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When Irish Eyes are Smiling: 4 Tips for Senior Eye Health

Anyone who loves a senior understands the importance of being informed on senior issues, and so do we. Our Milestone Magazine posts are meant to help seniors and their families as they learn and transition together through the physical and emotional changes brought on by aging.


As we age and change, so do our eyes.  After age 60, it’s important to follow these tips to keep eyes in tip-top shape.


1)    Eyes are what you eat
Eye-healthy diets are rich in antioxidants, vitamins A and C, and omega 3s, making green vegetables and fish great choices. (So, although the old wives tale that carrots are good for your eyes does hold some truth, the best diets come from a variety of lean proteins and veggies).  Inversely, diets that are high in saturated fats can lead to restricted blood flow to eyes (and a bunch of other important systems too!) so limiting fat, carbs, and sugar is always a good idea.


2)    Kick smoking to the curb
By now, we all know that smoking is a far from healthy habit, but its effect on aging eyes is particularly alarming.  The risk of developing cataracts doubles, on average, for smokers. For men smoking more than a pack a day, the risk jumps to 205% higher, and for women, it hovers around 63%.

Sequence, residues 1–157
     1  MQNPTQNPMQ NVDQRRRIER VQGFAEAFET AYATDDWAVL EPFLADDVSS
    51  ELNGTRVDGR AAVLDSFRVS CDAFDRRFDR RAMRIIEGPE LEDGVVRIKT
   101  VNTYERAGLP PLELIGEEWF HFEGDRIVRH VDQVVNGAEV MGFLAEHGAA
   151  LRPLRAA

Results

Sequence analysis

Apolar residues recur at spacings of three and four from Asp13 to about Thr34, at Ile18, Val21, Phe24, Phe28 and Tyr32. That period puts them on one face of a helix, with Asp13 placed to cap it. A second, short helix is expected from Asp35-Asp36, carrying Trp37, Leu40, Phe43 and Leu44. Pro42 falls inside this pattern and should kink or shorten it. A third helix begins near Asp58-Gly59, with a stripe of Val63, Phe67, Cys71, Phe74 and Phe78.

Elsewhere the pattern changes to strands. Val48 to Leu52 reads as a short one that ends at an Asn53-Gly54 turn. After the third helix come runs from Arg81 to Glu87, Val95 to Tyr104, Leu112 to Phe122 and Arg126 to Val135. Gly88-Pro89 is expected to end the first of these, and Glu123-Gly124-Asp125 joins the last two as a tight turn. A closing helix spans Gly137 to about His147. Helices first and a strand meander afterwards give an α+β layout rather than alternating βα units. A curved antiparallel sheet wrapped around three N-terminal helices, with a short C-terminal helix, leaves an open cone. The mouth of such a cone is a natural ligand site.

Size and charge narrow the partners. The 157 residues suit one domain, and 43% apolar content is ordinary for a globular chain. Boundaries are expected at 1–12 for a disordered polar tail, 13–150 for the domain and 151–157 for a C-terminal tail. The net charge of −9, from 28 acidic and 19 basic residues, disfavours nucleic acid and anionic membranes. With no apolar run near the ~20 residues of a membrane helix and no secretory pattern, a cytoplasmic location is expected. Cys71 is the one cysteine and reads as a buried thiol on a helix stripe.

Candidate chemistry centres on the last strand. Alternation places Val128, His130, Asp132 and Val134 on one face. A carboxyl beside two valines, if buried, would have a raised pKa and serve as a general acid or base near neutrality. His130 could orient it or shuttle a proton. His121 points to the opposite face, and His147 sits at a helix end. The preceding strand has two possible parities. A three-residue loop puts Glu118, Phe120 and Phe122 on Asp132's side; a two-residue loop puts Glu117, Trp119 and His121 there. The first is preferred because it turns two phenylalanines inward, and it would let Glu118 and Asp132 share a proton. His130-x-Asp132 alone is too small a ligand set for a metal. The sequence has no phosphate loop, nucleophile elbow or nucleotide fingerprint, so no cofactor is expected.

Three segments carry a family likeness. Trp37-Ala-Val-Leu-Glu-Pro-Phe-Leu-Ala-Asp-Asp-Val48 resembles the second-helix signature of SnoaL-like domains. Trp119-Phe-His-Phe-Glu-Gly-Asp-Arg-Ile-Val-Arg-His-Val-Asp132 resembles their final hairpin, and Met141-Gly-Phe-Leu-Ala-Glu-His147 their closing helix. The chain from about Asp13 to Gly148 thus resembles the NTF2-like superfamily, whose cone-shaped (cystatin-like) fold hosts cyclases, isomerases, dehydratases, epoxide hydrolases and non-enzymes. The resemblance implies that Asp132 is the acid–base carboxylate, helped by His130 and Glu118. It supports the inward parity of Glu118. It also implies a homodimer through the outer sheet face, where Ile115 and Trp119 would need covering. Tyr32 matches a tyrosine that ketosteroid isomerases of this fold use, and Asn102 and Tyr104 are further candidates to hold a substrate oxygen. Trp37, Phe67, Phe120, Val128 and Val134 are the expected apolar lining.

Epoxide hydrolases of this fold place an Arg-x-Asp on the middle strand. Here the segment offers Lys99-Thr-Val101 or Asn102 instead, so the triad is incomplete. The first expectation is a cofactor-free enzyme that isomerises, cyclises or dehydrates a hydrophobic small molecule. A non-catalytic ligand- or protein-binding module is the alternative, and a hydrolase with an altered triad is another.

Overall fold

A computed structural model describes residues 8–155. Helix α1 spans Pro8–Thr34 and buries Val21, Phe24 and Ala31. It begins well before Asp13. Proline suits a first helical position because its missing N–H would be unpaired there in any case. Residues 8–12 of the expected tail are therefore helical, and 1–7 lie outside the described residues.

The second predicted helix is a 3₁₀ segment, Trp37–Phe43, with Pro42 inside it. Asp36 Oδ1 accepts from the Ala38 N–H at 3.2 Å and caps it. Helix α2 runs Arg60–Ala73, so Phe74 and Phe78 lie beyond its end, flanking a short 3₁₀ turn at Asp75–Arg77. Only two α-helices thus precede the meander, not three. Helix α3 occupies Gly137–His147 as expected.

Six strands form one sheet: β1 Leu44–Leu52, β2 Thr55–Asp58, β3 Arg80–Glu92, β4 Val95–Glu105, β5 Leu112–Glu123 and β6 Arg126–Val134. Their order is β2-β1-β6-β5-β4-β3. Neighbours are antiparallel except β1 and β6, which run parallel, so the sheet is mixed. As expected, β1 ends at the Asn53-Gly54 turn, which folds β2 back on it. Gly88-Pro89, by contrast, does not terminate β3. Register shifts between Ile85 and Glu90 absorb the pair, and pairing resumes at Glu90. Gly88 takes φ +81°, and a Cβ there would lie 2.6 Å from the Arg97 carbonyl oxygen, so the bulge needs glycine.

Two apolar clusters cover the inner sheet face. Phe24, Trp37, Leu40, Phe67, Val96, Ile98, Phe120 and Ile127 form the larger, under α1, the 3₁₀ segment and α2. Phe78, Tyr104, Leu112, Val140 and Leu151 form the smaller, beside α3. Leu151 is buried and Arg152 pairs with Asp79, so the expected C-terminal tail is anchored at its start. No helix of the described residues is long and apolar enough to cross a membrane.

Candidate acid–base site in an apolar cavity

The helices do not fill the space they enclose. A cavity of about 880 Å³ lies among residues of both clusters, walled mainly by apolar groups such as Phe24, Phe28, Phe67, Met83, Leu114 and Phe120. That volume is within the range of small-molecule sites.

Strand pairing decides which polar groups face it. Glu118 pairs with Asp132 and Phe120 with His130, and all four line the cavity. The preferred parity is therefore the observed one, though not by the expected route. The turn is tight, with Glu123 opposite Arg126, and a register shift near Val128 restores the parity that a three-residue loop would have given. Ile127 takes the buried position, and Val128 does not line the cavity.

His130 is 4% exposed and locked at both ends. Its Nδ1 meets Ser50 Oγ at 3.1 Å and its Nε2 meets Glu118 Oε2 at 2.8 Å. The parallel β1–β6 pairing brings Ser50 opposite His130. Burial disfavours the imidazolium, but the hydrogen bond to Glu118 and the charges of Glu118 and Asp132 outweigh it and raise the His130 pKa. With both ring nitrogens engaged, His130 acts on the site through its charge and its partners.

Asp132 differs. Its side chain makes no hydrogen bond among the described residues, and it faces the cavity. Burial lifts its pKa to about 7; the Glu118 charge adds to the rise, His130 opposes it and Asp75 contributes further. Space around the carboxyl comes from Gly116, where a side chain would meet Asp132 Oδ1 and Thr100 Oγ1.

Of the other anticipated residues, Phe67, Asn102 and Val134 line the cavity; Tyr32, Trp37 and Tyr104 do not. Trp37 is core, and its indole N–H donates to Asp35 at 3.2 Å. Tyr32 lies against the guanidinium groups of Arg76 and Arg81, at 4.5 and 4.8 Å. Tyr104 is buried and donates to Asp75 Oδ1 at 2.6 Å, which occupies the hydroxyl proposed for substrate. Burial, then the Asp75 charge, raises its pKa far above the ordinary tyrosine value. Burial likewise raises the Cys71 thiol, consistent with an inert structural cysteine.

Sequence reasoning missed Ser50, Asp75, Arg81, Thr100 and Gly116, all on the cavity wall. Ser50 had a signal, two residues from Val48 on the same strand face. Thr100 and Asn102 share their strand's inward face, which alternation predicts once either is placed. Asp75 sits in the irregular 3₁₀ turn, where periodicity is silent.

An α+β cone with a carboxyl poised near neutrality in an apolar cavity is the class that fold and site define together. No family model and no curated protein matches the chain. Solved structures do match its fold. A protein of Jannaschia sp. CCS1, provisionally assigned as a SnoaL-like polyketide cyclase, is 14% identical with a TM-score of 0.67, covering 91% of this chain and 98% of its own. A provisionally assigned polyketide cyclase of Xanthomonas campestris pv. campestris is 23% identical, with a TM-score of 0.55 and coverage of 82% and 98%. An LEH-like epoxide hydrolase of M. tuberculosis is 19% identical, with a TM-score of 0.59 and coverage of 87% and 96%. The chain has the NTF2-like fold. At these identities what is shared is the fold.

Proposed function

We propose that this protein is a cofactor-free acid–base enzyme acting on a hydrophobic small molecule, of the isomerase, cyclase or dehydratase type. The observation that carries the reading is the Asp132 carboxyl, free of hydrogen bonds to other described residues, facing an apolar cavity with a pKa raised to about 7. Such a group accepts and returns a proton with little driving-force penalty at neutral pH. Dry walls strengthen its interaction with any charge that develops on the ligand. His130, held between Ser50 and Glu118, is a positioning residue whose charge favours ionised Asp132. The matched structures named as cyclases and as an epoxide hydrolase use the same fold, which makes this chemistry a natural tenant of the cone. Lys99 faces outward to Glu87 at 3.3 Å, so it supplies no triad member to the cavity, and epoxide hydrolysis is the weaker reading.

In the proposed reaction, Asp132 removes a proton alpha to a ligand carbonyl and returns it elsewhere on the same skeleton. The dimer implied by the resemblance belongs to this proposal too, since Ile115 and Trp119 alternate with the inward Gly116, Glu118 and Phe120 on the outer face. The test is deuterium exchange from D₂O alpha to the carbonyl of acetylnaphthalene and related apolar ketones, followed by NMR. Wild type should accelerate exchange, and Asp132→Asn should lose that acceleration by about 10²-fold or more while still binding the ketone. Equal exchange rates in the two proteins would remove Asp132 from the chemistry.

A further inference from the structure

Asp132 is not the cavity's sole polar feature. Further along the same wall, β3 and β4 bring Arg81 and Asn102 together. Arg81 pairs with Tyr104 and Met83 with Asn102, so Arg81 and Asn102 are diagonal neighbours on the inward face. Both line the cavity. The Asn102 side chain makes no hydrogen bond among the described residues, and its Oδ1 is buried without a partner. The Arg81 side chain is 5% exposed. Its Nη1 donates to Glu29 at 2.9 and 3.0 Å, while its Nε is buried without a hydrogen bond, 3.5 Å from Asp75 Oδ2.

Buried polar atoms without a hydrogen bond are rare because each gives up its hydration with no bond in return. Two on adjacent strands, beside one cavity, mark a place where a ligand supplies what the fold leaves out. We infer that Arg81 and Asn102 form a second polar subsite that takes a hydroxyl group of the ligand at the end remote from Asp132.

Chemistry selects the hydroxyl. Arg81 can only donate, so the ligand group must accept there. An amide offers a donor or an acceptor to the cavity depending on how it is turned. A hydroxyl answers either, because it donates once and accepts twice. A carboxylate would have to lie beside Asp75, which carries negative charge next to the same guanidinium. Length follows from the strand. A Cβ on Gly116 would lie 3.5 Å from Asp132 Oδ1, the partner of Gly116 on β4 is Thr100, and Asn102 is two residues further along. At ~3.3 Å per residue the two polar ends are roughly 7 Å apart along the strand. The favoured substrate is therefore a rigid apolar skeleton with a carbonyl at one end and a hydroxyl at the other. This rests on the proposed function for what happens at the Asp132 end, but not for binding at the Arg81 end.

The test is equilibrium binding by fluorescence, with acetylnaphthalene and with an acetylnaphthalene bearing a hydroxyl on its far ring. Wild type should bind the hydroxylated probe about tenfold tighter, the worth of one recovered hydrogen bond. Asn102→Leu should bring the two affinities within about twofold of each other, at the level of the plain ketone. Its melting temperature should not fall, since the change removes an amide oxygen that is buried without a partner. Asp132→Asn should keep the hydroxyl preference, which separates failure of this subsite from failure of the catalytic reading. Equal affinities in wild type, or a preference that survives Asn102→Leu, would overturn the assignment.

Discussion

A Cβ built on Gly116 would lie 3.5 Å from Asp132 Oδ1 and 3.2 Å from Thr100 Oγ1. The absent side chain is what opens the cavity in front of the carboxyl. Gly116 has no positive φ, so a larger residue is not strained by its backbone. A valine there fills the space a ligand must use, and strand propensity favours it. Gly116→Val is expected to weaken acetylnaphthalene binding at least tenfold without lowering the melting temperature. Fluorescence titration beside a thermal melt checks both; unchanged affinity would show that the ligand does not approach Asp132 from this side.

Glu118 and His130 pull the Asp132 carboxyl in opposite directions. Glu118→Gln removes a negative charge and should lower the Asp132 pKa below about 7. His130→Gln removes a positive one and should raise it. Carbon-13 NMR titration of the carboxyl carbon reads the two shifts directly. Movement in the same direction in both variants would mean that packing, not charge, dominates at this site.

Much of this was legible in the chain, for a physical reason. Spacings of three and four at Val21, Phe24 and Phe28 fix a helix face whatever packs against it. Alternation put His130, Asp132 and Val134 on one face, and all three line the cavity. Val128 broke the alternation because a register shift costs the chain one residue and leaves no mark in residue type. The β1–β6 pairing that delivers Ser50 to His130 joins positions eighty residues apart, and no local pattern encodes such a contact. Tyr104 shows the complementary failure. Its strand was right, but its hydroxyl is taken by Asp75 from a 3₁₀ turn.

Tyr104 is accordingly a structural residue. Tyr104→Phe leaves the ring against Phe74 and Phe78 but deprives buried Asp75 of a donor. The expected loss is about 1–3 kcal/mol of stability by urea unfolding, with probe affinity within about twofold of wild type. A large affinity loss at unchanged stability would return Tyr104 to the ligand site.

3)    Make sunglasses a part of your look
Always wear sunglasses when you’re outside during the day, and, make sure your sunglasses are strong enough to shield you 100% of UV rays.  Wearing sunglasses helps reduce your risk of cataracts, pinguecula, and a handful of other eye problems.  So, although spending time outdoors has been linked to a list of senior health benefits, UV rays should be handled with caution.  


4)    Let there be light!
Did you know that your eyes need three times as much light when you're 60 as they did when you were 20? Keep the light levels in your home up to par by keeping your windows clean and curtains pulled back, and making sure you have enough light fixtures in your home, especially in places where they might impact safety (i.e., at the top and bottom of stairs).


For more information on how to stay physically and emotionally engaged after retirement, visit Milestone Magazine.